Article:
I’m not going to go into this too much right now. Maybe at some other point.
At least 3 million Bengalis were killed (mass killings) during the independence from Pakistan, via acts of genocide.
The mass killings in Bangladesh (then East Pakistan) in 1971 vie with the annihilation of the Soviet POWs, the holocaust against the Jews, and the genocide in Rwanda as the most concentrated act of genocide in the twentieth century. In an attempt to crush forces seeking independence for East Pakistan, the West Pakistani military regime unleashed a systematic campaign of mass murder which aimed at killing millions of Bengalis, and likely succeeded in doing so.
At Hariharpara, a once thriving village on the banks of the Buriganga River near Dhaka, they found the three elements necessary for killing people in large numbers: a prison in which to hold the victims, a place for executing the prisoners, and a method for disposing of the bodies.
As was also the case in Armenia and Nanjing, Bengali women were targeted for gender-selective atrocities and abuses, notably gang sexual assault and rape/murder, from the earliest days of the Pakistani genocide. Indeed, despite (and in part because of) the overwhelming targeting of males for mass murder, it is for the systematic brutalization of women that the “Rape of Bangladesh” is best known to western observers.
In her ground-breaking book, Against Our Will: Men, Women and Rape, Susan Brownmiller likened the 1971 events in Bangladesh to the Japanese rapes in Nanjing and German rapes in Russia during World War II.
“… 200,000, 300,000 or possibly 400,000 women (three sets of statistics have been variously quoted) were raped. Eighty percent of the raped women were Muslims, reflecting the population of Bangladesh, but Hindu and Christian women were not exempt. … Hit-and-run rape of large numbers of Bengali women was brutally simple in terms of logistics as the Pakistani regulars swept through and occupied the tiny, populous land …” (p. 81).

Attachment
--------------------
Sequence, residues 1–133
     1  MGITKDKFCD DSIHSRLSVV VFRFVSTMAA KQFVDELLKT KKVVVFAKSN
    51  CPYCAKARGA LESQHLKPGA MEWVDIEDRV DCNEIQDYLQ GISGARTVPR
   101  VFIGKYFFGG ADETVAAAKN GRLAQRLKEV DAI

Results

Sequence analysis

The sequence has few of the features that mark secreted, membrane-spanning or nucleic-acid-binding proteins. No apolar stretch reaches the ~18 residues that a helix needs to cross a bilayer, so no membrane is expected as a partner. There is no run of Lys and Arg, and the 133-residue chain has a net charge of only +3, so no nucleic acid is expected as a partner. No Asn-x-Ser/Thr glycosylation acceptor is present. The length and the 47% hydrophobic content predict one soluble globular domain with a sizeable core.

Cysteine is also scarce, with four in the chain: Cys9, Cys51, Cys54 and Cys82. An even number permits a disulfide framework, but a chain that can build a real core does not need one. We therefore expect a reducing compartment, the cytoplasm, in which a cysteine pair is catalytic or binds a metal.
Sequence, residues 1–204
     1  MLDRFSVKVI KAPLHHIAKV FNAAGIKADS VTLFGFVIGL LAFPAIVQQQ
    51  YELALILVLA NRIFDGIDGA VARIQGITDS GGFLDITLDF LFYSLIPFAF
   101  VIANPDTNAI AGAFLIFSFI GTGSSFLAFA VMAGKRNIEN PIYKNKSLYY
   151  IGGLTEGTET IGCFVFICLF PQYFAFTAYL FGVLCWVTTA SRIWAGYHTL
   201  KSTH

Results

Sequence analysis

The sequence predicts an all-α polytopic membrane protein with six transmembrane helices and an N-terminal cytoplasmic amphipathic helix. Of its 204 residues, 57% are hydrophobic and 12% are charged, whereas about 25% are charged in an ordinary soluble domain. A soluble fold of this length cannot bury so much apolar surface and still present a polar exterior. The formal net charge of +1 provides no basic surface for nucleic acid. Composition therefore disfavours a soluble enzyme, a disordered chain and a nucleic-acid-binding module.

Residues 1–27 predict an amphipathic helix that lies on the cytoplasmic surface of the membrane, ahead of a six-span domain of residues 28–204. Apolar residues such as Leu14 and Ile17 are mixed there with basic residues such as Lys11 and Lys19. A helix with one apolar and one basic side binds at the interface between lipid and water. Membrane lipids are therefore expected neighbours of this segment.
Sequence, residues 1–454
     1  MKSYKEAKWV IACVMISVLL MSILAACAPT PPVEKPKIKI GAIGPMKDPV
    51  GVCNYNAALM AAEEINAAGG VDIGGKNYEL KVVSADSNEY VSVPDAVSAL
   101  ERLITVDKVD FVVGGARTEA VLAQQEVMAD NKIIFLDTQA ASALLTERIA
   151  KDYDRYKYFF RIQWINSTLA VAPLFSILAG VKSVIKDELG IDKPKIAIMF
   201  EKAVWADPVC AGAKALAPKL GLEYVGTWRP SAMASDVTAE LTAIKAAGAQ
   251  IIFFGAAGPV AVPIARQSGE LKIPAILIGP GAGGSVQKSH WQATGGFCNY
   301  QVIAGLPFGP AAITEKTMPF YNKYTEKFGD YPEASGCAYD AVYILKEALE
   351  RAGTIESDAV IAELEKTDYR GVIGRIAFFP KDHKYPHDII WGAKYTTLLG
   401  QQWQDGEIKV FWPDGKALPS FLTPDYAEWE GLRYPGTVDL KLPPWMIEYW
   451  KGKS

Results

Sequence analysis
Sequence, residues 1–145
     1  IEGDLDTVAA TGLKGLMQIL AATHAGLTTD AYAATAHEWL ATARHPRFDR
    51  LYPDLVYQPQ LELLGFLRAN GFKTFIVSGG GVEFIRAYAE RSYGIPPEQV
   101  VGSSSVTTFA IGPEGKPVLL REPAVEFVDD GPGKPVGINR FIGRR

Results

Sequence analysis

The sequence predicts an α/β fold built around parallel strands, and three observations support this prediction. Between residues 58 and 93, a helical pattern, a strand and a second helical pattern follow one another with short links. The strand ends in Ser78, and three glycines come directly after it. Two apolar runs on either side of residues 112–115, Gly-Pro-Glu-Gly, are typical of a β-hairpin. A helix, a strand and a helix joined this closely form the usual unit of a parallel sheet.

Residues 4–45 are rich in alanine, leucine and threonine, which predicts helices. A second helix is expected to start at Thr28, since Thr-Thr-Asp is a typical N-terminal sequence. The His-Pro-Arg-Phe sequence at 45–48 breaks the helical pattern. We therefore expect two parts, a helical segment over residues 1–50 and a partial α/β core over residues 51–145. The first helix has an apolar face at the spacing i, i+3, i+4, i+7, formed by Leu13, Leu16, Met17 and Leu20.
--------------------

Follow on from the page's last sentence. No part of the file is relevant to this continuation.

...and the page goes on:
Read more (and photos) @ Gendercide Watch: Genocide in Bangladesh, 1971
My mother was old enough to remember seeing the heads of Bengali men, cut off and paraded around on sticks. Her side of the family was constantly hiding, for those in positions in what Bengalis consider power (those educated) were considered a threat. My grandfather, a well-known Professor, was included in this.
My fathers’ family had moved back from England that year, on a whim because my grandfather missed Bangladesh. 1971, the year of the bloodshed. My father saw his uncles’ throat get cut by someone they had known, a traitor.
We are so completely privileged growing up here in North America.
Inner-city gang-fights may be, but we are not directly involved in country-wide warfare, where you constantly fear for your life.
You fear of exposure of your ethnicity, your religion, your gender. Nowhere to hide.
Of course there are exceptions. But not everyone is the exception.
But does that excuse Bangladesh’ brutal military government today? Does that mean we will not donate to Pakistan’s flood relief? No and no.
Times change. Every country has a history. Some of them have fairly brutal histories. Just because you acknowledge that there are atrocities going on in the world today does not mean you are forgetting, or negating the past. Nor is it, or should be, an excuse for the removal of human rights today. Otherwise, the human race- with our globalized capacity for war- really is doomed.
I remember hearing once that bengalis have a deep-seated animosity towards pakistanis but i never understood why. it’s obvious i don’t know my bengali history at all, and i will definitely look into all this more later, as should all of you.
It is disheartening in a way but we do not mean to imply any ungratefulness here - yet here are the present statistics.
The commitment per person after the 2005 Pakistan earthquake was $70 and for this year’s Haiti earthquake $495, whereas this time that works out at just over 3 dollars per flood affected person! And this all said when as per UN this is the worst calamity to hit Humankind anywhere; more than even if Earthquake of 2005, Indian Tsunami and Haiti combined.
Just so that you know the numbers. But even then thank you everyone who has made a donation or helped spread the word.